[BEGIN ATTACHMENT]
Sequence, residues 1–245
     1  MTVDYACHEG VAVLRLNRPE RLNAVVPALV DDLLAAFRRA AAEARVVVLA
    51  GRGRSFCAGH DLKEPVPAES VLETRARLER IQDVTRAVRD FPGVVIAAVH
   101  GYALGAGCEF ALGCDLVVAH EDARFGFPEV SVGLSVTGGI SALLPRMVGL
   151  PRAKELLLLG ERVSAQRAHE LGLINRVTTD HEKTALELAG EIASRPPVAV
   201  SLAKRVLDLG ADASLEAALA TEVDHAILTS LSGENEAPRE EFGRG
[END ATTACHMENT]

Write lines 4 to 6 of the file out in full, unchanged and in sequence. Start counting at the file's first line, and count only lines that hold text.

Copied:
   101  GYALGAGCEF ALGCDLVVAH EDARFGFPEV SVGLSVTGGI SALLPRMVGL
   151  PRAKELLLLG ERVSAQRAHE LGLINRVTTD HEKTALELAG EIASRPPVAV
   201  SLAKRVLDLG ADASLEAALA TEVDHAILTS LSGENEAPRE EFGRG